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Archive for ‘Wales’


Tappy: From Barry Town to Arsenal, Cardiff City and Beyond 0

Posted on August 29, 2011 by samh

Tappy: From Barry Town to Arsenal, Cardiff City and Beyond, by Derek Tapscott and Terry Grandin (2004)

In April 1954, Derek “Tappy” Tapscott pulled on his Arsenal shirt, made his first-team debut against Liverpool, scored two goals and signalled the start of an extraordinary career.

He tells his life story in an engaging style – growing up in Barry with 15 brothers and sisters, his early days as a forward with Barry Town, then a fateful journey to London, unaware that the Arsenal were keen to sign him and finally returning to Cardiff City.

Tappy relates the many highs and lows in his career, including being signed to play for Wales 48 hours after his Arsenal debut, playing against the “Busby Babes” in their last league game before the Munich air crash, lining up with John Charles against an England side sporting Stanley Matthews and Len Shackleton, and being chased down the pitch by Real Zaragoza defenders for shoulder-charging their keeper when Cardiff City faced them in the Fairs Cup.

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The South Wales Derbies: A History of Cardiff City Versus Swansea City 0

Posted on August 29, 2011 by samh

The South Wales Derbies: A History of Cardiff City Versus Swansea City, by Dean Hayes (2003)

This book was the first written account of the intense rivalry between Cardiff City and Swansea – the Bluebirds and the Swans – two great Welsh clubs that first met in the Southern League in 1912.

The author traces the 90-year history of derby games against a backdrop of local and national events of the past century. Each game has been carefully researched, with a full report on each of the 149 first-team meetings of the clubs – in the League, FA Cup, League Cup, Associate Members Cup, Welsh Cup and Southern League games – plus the lesser-known wartime and friendly encounters. The book also includes details about the clubs’ grounds, player profiles and a statistical section.

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When Pele Broke Our Hearts: Wales and the 1958 World Cup 0

Posted on August 29, 2011 by samh

When Pele Broke Our Hearts: Wales and the 1958 World Cup, by Mario Risoli (1998)

This is the story of Wales’ only appearance in the World Cup Finals; it was later reprinted with a new preface by Nicky Wire of the Manic Street Preachers, who loved the book.

Wales managed to get to Sweden in 1958 through the back door, after hostilities in the Middle East meant that Arab teams refused to play Israel. Wales were picked to play them instead, beat them 4-0 over two legs and were on their way to their first and only World Cup – and what is surprising is that this remarkable story had not been fully told before.

Cardiff journalist Risoli’s book reads like an extended newspaper article, which is not a bad thing: the many interviews with the surviving members of the Welsh team make the book more than just a dry history. Their comments and humorous anecdotes make the book come alive, as do appropriate quotes from newspaper reports of the time.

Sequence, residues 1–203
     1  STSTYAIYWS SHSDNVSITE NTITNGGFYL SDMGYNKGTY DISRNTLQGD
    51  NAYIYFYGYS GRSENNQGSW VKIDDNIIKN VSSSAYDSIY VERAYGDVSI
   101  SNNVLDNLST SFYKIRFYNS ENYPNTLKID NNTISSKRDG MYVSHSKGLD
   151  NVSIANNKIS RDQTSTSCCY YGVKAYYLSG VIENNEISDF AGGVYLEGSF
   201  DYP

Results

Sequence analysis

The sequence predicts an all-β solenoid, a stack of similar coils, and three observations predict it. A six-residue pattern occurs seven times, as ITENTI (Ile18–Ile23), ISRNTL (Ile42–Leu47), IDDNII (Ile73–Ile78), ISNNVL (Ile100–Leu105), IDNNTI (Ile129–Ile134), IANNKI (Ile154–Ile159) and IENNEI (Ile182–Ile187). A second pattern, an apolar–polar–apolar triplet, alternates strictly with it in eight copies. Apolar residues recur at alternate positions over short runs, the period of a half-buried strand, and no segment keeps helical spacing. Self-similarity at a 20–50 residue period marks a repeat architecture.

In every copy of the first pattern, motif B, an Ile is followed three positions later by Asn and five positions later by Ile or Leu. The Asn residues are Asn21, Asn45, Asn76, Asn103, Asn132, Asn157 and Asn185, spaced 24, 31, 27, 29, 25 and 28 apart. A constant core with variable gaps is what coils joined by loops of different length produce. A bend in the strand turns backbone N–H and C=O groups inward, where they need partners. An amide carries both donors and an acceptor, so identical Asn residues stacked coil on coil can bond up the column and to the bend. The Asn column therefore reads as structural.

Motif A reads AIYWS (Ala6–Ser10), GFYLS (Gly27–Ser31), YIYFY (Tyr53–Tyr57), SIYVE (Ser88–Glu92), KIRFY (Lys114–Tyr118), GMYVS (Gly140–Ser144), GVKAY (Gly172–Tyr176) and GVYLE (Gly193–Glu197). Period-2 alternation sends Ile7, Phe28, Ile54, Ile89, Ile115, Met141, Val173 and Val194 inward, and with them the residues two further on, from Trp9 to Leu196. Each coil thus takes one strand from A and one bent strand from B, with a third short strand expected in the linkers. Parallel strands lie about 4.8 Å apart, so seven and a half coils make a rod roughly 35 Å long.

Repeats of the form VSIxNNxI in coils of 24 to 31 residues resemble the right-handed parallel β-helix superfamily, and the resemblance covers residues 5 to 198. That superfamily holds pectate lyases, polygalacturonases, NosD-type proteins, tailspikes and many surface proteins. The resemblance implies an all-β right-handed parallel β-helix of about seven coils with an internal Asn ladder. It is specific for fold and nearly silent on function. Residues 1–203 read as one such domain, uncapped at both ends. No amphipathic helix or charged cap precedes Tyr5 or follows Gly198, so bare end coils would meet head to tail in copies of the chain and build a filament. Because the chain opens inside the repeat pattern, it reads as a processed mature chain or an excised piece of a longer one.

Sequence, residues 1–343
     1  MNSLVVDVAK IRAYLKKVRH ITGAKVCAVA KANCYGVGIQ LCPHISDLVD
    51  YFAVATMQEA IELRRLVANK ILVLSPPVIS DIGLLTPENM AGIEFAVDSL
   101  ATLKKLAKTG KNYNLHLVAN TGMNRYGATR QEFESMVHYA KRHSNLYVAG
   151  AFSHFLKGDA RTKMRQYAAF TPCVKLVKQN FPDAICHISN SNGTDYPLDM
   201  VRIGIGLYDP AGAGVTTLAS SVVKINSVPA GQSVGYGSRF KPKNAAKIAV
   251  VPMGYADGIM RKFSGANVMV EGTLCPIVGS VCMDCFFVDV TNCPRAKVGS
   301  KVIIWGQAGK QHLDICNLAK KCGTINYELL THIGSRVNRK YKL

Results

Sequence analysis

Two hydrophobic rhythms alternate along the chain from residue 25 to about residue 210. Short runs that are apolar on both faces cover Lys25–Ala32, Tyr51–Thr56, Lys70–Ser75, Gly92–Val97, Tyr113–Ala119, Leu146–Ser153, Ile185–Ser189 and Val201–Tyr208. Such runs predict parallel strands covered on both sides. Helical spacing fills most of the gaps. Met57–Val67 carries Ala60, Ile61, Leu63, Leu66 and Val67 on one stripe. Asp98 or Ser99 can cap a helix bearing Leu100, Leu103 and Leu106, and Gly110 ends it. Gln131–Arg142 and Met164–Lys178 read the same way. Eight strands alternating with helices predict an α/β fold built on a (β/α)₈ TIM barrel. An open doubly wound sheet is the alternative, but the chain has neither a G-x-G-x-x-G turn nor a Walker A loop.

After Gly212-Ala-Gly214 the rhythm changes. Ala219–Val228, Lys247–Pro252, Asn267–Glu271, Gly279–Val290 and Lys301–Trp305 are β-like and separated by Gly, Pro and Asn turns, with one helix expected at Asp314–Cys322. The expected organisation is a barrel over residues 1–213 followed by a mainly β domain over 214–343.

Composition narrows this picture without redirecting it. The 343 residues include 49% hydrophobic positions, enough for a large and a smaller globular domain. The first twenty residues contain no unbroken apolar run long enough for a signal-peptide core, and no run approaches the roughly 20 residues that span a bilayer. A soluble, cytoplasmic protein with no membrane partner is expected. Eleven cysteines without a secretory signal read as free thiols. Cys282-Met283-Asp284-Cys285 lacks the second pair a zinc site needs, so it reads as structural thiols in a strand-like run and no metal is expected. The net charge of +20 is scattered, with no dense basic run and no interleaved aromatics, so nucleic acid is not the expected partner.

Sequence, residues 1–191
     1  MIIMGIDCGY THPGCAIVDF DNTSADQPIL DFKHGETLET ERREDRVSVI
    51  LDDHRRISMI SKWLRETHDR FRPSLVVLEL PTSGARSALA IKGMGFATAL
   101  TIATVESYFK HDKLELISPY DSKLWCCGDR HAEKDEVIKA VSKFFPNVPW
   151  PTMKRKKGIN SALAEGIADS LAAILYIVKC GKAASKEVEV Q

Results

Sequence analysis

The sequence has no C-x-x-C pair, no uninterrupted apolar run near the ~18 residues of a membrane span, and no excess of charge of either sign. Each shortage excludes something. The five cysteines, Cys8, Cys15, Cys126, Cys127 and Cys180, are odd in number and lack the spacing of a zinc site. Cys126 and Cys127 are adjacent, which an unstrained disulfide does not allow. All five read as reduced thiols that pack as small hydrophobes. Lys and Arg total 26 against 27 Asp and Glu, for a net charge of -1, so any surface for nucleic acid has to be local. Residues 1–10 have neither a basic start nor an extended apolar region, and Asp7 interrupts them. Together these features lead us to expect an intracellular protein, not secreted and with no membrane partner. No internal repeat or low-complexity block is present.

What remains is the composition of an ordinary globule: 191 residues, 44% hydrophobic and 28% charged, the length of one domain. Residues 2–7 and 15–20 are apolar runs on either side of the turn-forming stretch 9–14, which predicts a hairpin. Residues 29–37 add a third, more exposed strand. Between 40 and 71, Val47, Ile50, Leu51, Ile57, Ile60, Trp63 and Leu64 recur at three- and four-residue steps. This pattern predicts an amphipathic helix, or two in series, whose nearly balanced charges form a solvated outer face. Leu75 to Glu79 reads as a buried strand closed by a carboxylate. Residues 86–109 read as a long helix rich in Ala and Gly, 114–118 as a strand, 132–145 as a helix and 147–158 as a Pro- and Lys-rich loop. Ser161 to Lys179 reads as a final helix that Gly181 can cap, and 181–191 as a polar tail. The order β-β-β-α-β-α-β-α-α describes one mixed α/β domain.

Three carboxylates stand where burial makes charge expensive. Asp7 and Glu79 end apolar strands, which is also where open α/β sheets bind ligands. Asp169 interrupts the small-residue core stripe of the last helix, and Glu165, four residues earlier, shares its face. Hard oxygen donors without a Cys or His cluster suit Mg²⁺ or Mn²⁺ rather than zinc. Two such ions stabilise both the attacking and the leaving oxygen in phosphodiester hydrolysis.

Risoli also includes a lot about the background surrounding the 1958 World Cup, not least the air disaster in Munich shortly before the finals began, which tragically wiped out most of Busby’s Babes. This had a direct effect on the Welsh team, as their manager Jimmy Murphy was also Matt Busby’s assistant at Manchester United; he had to act as United manager too, and instead of celebrating Wales’ achievement he was mourning United’s loss: “He was doing the job of four men…As a result he was not as well prepared for the World Cup as he could have been”.

The backgrounds of each of the players is also interesting; the point is made that they were worlds apart from the stars of the Brazilian team. They still are: in their retirement, many of them still live in Wales, a good number of them in Swansea. All of this crystallises the strong sense of identity in the Welsh team, due to their close-knit roots and the fact nobody gave them a prayer in the tournament.

But they ground out good results again Sweden, Mexico and Hungary in a punishing schedule, and reached the quarter-finals, where they were to play Brazil. The rest is history, as they say, and the title of the book gives you some clue as to the outcome. But Wales were resilient, and were only just edged out by a team of legends. This meticulously researched book makes this story seem not all that long ago, even when some of the players are long gone and the black and white photographs have faded.

Review by Sam Hawcroft

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John Charles: Gentle Giant 0

Posted on August 28, 2011 by samh

John Charles: Gentle Giant, by Mario Risoli (2003)

In Italy, where John Charles played for Juventus and Roma, he was known as Il Gigante Buono – the Gentle Giant – because of his placid temperament.

In a playing career of 21 years, he was never booked. One of the greatest footballers Britain has ever produced, Charles left his native Swansea at 16 to join Leeds United, where he was switched from defence to attack. The Yorkshire club reached the First Division for the first time in its history thanks to Charles’s phenomenal strike ratio of a goal every other game. Read more…

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